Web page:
Monday, October 14, 2013
Between Books - Remembering Roy E. Disney
I will admit, with all my reading on the Eisner Era, one of the personalities that I have become very interested in is Roy E. Disney. So, seeing that a book about the younger Disney was being released, it was a must own for me. I really looked forward to reading a book that was focused on him instead of just seeing him as a supporting actor.
Remembering Roy E. Disney: Memories and Photos of a Storied Life by David A. Bossert is an account of Roy E. Disney written by a close colleague and admirer. Bossert had worked with Disney on several projects and I believe honestly could say they were friends. Bossert travels through Disney's life topically with chapters on sailing, Shamrock Air (Disney's private plane), Destino, and his late life divorce from Patty Disney and marriage to Leslie Disney. The chapters are largely narrated by Bossert but also include personal accounts from figures like Stanley Gold and John Lasseter. The book is also fully packed with personal photos from Disney's life, with nearly every page including an image.
I find this book mixed for me. So, lets start with those things I did not enjoy. When you include the forward the bulk of the first 39 pages explain how the book got written. I understand that Bossert wanted to establish his personal view about Roy E. Disney and wanted to tell the story of publication. But for a book that is only around 200 pages this was just too much explanation for me. I wanted to get into the heart of the text, which really does do a good job of showing the relationship between Bossert and Disney. Additionally, for a book that is very picture focused and with a Disney label some of the pictures are fuzzy. The picture of Disney on page 38 is especially fuzzy and I have seen independent publishers do better. It was really not what I expected from a Disney Editions book.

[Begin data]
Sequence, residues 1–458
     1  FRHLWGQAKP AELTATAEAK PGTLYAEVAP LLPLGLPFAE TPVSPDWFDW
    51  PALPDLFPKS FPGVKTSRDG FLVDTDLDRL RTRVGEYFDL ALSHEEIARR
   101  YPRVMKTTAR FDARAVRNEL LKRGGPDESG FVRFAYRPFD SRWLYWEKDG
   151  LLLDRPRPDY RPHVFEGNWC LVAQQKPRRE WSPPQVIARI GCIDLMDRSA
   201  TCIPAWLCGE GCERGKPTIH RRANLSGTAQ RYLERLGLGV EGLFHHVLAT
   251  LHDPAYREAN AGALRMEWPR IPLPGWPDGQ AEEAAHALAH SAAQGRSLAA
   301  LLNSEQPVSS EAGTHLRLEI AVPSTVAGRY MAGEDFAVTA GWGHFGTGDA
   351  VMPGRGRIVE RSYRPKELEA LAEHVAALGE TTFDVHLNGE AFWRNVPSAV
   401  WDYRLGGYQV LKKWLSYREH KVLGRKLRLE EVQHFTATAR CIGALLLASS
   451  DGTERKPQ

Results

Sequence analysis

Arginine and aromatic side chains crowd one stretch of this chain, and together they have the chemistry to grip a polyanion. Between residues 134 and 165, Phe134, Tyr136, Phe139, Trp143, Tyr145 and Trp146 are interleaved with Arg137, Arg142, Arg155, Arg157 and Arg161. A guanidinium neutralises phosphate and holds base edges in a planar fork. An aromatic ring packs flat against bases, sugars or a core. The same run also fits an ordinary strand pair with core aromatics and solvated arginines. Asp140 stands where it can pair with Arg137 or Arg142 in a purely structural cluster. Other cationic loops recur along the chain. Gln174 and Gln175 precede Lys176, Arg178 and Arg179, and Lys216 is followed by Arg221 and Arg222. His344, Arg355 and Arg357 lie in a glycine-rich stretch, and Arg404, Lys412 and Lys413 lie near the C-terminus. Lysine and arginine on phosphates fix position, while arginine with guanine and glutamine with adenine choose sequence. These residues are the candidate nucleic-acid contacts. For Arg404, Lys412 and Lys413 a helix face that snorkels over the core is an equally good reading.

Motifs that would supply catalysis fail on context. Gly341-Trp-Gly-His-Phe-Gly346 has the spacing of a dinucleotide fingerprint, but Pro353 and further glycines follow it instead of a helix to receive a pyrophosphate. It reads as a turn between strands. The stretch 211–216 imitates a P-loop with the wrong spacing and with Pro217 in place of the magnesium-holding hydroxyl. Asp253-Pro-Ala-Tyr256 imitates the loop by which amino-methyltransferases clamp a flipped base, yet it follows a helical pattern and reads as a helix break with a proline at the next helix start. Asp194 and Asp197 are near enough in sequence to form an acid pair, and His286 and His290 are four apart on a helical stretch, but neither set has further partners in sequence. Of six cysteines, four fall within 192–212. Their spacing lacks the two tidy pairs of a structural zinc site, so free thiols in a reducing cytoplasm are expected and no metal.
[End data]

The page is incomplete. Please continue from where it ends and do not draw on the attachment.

The good is really the discussion of Bossert's relationship with Disney. Disney mentored Bossert. So it is an account of one man's relationship with Disney for the majority of the book and not a historical biography. The many stories of Disney's genorcity towards others including Bossert really makes one understand what kind of man Disney was. And since Bossert often worked close with Roy E. Disney, one feels like you are getting an insider's view of Disney. You feel like you were included in Disney's inner circle. Bossert clearly admired Roy E. Disney and based on Bossert's accounts you can understand why. Bossert really paints Disney as a regular down to earth guy who liked Costco hot dogs (one begins to wonder if his father and uncle's culianry choices rubbed off).
A storied life is a theme explored in the book. Bossert shows Disney at work and discusses how he contributed to the production of animated features early in the Eisner era. Bossert witnesses and recounts Disney rolling up his sleeves and working arm-in-arm with the story staff, pitching ideas and providing valuable and frank feedback. As I think about the Marty Sklar comments that Disney was never in story meetings, it becomes clear that Disney was at least for a part of his Disney career. A good example is Lilo & Stitch, where Disney's feedback saw a reworking of the story. In the tradition of story, Roy followed his uncle more than his father in this aspect.
Remembering Roy E. Disney brings the reader close to the life of Roy E. Disney. Author David A. Bossert worked closely with Disney and grew to admire him in these interactions. As a reader it is hard to not get caught up in the feeling of respect that falls from these pages.